4. Shake the bottle gently until all the baking soda has reacted with the vinegar. Allow thesolution to fizz up then gradually settle. Wait until the baking soda has dissolved completelyinto the vinegar, indicated by no significant bubbling in the bottle. Keep the bottle sealed forPart 2. (Note: The bottle should be stiffening to a squeeze as the reaction proceeds).Part 21. Submerge the closed jar in the water tub with the lid facing downward.2. Remove the lid while maintaining the jar below water. By maintaining the opening of the jarunder water at all times, all of the water will remain inside the jar3. As your partner holds the jar, place the 20 oz. bottle from part 1 underwater and then slidethe top of it inside the opening of the jar. Slowly unscrew the cap to release all of the carbondioxide into the jar. Note: The water level inside the jar should be slowly decreasing as thegas inside the bottle is released. Be very careful to catch all the carbon dioxide in the jar.Created by LABScI at Stanford5

4. Record the amount of trapped air inside the jar. Make sure the water inside and outside thebottle is at the same level before you record.5. ** To establish a control, repeat the experiment exactly as above but without adding anybaking soda to the soda bottle. This will allow you to measure the volume of air in the sodabottle. The volume of gas produced by the baking soda-vinegar reaction is equal to thevolume of gas measured with the reaction minus the volume of gas measured without thereaction.6. Repeat steps 3-10 with ½ tsp of baking soda. Record your results in the table below:Amount/ tspVolume/mL¼(Student result)½(Student result)Concept Questions:StoichiometryDetermine whether the amount of reaction products you observed agrees with stoichiometricpredictions. One underlying assumption is that the baking soda is the only limiting reactant. Inother words, there is essentially an unlimited supply of acetic acid in the vinegar bottle, and thereaction output is only dictated by the amount of baking soda you add – every mole added resultsin a mole of carbon dioxide produced.Use the following steps to calculate the number of moles of carbon dioxide produced:Created by LABScI at Stanford6

Q1. Determine the density of baking soda.a. Net weight of the baking soda container (labeled on box): 454 (e.g.) gb. Volume in the container (from Nutrition Facts: serving size x number of servings):101 (e.g.) tspc. Density Net weight/volume 4.50 g/tspQ2. Mass in ¼ tsp baking soda 1.12 gQ3. Molecular weight of Sodium Bicarbonate (NaHCO3, get from periodic table) Na 22.99H 1.01 C 12.01 O 16.0 ; NaHCO3 84.0 g/molQ4. Moles in ¼ tsp baking soda 0.0134 moles NaHCO3Q4. Moles in ¼ tsp baking soda:grams of NaHCO3 usedmolecular weight of NaHCO3 g 0.0134 moles NaHCO3g/molQ5. How many moles of CO2 do you expect from ¼ tsp NaHCO3? 0.0134 moles CO2Q6. How many moles of CO2 do you expect from ½ tsp NaHCO3 ? 0.0268 moles CO2Gaseous Volume PredictionThe Ideal Gas Law is an equation that roughly models equilibrium properties of most gases:(pressure) x (volume) (moles) x (Ideal Gas Constant) x (temperature)or pV nRT, where R, the Ideal Gas Constant, 0.0821 L-atm/mol-KEssentially, this law states that increasing the amount of moles of gas in a system can increasethe system’s volume and pressure.Q7. Rearrange the ideal gas law to give an expression for the number of moles of a gas withknown temperature, pressure and volume (solve for moles):Moles (Pressure x Volume)/(R x Temperature)Created by LABScI at Stanfordor; n pV/RT7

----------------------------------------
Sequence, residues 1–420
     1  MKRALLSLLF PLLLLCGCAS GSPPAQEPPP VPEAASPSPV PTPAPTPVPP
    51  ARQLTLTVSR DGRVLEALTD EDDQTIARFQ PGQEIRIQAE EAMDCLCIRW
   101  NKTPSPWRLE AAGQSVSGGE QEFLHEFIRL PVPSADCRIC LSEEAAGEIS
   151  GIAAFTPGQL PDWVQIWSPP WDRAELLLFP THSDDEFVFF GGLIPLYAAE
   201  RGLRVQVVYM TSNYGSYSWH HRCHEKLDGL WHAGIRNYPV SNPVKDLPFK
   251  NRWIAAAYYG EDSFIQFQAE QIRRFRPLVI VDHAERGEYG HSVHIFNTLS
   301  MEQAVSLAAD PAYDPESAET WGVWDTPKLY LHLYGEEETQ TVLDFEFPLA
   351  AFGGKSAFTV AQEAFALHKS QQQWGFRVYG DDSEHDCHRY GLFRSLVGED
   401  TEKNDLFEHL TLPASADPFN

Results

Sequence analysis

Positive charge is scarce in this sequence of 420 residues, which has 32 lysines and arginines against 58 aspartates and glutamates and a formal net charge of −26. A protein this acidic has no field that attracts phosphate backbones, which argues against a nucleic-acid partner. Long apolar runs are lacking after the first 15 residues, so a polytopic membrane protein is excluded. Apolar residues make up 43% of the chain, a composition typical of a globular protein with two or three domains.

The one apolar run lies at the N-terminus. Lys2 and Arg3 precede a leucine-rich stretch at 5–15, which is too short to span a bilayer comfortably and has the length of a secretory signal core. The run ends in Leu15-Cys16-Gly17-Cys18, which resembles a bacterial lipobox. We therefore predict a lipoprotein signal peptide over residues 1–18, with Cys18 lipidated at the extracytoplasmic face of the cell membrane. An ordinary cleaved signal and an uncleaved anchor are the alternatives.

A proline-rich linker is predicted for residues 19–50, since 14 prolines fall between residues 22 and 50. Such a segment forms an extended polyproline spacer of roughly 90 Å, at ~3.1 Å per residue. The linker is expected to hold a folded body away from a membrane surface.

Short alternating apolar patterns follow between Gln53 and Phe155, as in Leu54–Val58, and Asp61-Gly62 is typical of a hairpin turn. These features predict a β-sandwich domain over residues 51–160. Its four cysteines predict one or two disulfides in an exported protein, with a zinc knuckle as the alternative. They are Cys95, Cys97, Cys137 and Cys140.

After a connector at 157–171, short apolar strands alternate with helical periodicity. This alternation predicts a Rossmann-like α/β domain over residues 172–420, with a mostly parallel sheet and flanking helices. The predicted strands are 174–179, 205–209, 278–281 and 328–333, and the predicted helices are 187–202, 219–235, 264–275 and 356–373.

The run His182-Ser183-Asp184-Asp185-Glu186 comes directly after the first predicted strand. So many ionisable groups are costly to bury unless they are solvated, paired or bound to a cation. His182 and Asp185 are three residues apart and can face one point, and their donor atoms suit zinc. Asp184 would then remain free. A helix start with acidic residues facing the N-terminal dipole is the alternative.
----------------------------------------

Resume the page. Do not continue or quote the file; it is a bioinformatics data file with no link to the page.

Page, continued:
Q8. The pressure of the gas when measuring its volume as described in the lab is approximately1 atm, and the temperature is approximately 300 K. Using the volume of gas youmeasured in the lab, how many moles of CO2 did you observe as reaction products:from ¼ tsp baking soda? (Student result)from ½ tsp baking soda? (Student result)Q9. Did your stoichiometric predictions agree with the experimental observations?(Student result)Q10. Why was it necessary to add the baking soda to the vinegar inside a plastic pouch?Dropping the baking soda into the vinegar in a plastic pouch prevents the reaction fromoccurring immediately once the baking soda is added. The plastic acts as a temporarybarrier to mixing the two components, giving the experimentalist time to close and sealthe bottle.Q11. Why is it important to have a tight “seal” of the cap on top of the bottle when mixing thetwo reaction components?This is necessary to prevent any gaseous reaction products from escaping. If gas was toleak out during the reaction, not all of the products would be observed in the next step,and the resulting moles of products would be measured as less than the expected amount.QSA12. Why can we not use the volume of the air inside the Gatorade bottle, applied to the idealgas law, to calculate the moles of carbon dioxide products. (Hint: Which variable in theideal gas law differs between the conditions in the Gatorade bottle and the conditions inthe jar?)We do not know the pressure inside the Gatorade bottle. The pressure is expected to behigher than 1 atm, because gas is allowed to build up without an increase in the volume.The only way we can know the pressure is to put the system in contact with theatmosphere, as is done using the submerged glass jar.QSA13. What are the main sources of error that might cause a discrepancy between predictionsand observations in this lab, and how could you improve them?A number of things can lead to experimental error in this lab. For instance, there isalways a chance that air leaks out of the bottle during the reaction if the seal is not tightenough. Also, one needs to be careful to trap all of the gas from the plastic bottle in thelarge glass jar. Also, baking soda tends to deactivate by contact with air over time(which is why you’re supposed to keep it in the fridge), so if it’s been open for a while, itwill be less than optimally reactive.Created by LABScI at Stanford8

This lab demonstrates the reactivity of two household cooking items, baking soda and vinegar. Baking soda is a powdered chemical compound called sodium bicarbonate, and vinegar includes acetic acid. These 2 components react in solution to form carbon dioxide, water, and sodium acetate as shown in the chemical reaction below:File Size: 451KBPage Count: 8